The story is challenging because it’s not the story of the book, which I knew it would never be ’cause I loved the book very dearly. But even as a kid I realized that it’s quite unusual because Lewis Carroll wasn’t that concerned with narrative. He liked imagery, ideas. And the book kind of falls in on itself deliberately. Things happen and then other things happen. And they seem very consequential. It’s only cause and effect. And so I knew that for a film it would make an interesting avant-garde movie. But I’m not sure I could do that in this situation. So I knew the story would be a new story. I knew Linda had an idea about the time travel movie based on the characters from before. But at the same time I wanted to pay tribute to the book. The book’s incredibly important.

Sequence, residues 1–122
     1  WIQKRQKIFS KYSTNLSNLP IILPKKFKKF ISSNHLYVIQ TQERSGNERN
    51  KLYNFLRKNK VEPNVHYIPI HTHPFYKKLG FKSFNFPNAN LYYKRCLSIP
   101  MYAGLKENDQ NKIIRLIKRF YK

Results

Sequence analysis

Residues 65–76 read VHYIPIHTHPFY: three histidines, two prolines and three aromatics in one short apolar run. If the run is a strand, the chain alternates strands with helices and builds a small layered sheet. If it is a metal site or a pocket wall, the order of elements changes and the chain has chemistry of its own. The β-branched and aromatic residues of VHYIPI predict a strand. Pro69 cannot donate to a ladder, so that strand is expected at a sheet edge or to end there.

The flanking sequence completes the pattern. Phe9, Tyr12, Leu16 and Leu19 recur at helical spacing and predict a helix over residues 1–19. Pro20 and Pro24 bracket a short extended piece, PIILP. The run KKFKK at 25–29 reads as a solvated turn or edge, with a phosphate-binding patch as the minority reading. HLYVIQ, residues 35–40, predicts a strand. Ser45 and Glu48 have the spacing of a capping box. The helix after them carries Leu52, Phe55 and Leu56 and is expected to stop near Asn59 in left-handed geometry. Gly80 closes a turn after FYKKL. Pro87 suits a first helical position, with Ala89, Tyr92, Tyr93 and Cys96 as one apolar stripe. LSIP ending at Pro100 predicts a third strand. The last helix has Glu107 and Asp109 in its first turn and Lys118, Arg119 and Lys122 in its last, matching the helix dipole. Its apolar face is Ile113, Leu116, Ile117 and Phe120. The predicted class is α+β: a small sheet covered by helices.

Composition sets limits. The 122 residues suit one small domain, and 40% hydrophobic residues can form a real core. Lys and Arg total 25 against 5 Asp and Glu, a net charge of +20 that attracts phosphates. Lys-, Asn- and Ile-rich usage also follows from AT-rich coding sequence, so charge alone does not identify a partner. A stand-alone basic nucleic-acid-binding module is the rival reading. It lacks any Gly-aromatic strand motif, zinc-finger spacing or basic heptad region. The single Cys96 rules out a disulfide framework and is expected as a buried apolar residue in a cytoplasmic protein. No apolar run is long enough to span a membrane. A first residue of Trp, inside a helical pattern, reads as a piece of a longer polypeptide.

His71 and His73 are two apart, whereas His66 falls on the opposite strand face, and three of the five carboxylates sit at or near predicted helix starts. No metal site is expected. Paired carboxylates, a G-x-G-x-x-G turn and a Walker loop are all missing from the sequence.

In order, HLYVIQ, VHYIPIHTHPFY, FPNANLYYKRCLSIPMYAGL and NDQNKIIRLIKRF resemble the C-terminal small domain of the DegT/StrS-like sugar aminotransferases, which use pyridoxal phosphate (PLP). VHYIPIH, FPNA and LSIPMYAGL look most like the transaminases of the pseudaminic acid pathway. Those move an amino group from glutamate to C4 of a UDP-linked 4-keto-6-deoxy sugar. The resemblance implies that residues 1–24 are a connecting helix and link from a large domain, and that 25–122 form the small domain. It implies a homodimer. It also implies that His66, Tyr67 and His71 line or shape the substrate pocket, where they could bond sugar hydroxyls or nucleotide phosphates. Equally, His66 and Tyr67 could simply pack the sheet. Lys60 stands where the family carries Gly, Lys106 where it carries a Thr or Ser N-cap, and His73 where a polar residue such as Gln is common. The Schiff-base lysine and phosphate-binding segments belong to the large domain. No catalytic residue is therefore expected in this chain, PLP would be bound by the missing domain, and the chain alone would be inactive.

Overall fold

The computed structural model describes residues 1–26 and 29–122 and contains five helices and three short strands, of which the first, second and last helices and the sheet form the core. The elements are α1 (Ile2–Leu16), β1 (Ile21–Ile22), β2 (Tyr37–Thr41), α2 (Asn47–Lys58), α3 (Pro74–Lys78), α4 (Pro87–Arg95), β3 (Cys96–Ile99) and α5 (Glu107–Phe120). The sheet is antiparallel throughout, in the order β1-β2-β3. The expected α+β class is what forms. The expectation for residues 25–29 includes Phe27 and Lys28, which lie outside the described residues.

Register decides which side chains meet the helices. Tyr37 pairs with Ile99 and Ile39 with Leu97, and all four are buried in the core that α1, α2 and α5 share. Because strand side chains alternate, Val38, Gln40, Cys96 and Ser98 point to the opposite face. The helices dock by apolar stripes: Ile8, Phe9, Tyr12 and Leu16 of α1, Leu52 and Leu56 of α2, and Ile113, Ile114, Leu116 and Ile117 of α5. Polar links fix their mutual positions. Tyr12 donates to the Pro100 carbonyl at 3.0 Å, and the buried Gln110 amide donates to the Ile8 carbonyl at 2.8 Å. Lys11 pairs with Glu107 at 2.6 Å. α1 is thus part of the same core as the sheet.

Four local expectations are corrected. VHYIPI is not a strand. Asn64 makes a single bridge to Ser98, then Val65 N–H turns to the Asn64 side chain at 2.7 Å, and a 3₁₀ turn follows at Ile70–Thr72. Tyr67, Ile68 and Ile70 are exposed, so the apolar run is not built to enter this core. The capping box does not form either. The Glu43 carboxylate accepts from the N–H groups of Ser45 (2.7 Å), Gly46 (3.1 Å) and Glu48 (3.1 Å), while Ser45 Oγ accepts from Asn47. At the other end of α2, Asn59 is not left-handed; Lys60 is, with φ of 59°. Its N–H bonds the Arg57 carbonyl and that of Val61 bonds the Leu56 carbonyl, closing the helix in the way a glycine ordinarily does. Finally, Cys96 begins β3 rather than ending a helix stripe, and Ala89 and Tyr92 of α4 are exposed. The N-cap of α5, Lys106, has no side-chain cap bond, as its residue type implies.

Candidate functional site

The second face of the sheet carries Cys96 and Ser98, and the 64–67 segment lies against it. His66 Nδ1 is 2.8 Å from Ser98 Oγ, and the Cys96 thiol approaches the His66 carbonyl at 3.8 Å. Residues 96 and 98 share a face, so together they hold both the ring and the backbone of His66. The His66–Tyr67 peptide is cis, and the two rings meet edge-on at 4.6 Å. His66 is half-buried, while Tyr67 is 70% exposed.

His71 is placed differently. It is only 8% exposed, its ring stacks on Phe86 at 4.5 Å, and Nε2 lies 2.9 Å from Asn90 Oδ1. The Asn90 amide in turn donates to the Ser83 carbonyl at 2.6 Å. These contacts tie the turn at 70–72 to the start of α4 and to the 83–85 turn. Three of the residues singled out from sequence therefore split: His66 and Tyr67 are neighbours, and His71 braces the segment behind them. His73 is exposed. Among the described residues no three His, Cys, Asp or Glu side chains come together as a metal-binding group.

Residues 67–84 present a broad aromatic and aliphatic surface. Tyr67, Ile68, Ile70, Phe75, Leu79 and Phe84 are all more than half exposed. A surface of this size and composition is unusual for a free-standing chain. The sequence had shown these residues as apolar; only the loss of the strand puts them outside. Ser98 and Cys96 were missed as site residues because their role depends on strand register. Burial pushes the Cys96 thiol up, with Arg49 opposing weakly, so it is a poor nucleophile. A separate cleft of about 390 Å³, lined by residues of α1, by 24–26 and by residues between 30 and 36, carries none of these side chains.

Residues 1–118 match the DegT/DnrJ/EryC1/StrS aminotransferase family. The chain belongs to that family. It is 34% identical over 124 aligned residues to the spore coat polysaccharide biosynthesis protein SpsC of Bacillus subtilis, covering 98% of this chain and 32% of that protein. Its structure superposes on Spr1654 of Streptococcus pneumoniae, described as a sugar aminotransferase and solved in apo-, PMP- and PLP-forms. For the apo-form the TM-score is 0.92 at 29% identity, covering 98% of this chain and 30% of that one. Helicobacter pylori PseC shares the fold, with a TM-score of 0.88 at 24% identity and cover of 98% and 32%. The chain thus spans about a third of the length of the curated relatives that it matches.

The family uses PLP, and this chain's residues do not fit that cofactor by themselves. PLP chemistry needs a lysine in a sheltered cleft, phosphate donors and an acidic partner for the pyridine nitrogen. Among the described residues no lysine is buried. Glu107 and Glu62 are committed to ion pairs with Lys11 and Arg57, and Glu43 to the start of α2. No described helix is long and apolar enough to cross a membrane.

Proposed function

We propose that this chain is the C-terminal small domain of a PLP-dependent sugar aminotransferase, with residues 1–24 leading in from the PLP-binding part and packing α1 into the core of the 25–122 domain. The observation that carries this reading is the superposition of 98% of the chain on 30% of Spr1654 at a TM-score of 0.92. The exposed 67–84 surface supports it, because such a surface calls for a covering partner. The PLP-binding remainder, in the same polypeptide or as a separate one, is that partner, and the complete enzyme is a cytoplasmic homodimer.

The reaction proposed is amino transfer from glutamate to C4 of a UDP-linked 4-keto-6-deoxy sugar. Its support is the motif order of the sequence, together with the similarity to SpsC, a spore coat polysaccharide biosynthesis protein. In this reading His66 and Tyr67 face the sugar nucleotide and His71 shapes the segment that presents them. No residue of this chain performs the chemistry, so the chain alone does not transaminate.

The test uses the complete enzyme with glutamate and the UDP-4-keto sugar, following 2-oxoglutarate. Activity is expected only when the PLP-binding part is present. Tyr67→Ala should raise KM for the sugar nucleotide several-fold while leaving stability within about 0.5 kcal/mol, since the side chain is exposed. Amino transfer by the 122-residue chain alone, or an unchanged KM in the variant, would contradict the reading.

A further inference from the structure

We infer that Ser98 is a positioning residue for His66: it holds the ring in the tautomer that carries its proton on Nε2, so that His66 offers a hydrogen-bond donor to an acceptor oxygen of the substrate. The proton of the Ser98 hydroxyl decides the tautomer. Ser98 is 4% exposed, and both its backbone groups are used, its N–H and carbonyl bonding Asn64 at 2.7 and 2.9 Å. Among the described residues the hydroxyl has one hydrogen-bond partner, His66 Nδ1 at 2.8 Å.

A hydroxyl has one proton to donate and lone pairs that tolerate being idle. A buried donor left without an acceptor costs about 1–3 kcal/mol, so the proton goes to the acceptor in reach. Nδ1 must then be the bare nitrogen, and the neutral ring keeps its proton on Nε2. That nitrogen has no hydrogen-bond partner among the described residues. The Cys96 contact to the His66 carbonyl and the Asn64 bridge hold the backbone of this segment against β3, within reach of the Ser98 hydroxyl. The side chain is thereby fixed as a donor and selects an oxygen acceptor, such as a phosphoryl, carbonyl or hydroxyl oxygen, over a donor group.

And Lewis Carroll is very important to me. So I wanted to take elements of the book like the backwards room and obviously the looking glass and the characters and the spirit of Lewis Carroll, the idea of something which is fairly complex but not so complex that my eight year old daughter wouldn’t understand it. It’s important you understand the story. But also I remember as a kid, I liked working stuff out in a movie. I didn’t want to be given it all straight away. I wanted to feel like I was ahead of the characters in the movie. And so this is kind of a puzzle plot in a way. That was a challenge, to try to make a story, which is complex and interesting but not overly so in a way which would be distracting for children.

An interview with Director James Bobin of Alice Through The Looking Glass. Get the insights on the movie, Sacha Baron Cohen and more!
Photo courtesy of Disney

Great Quotes and Lines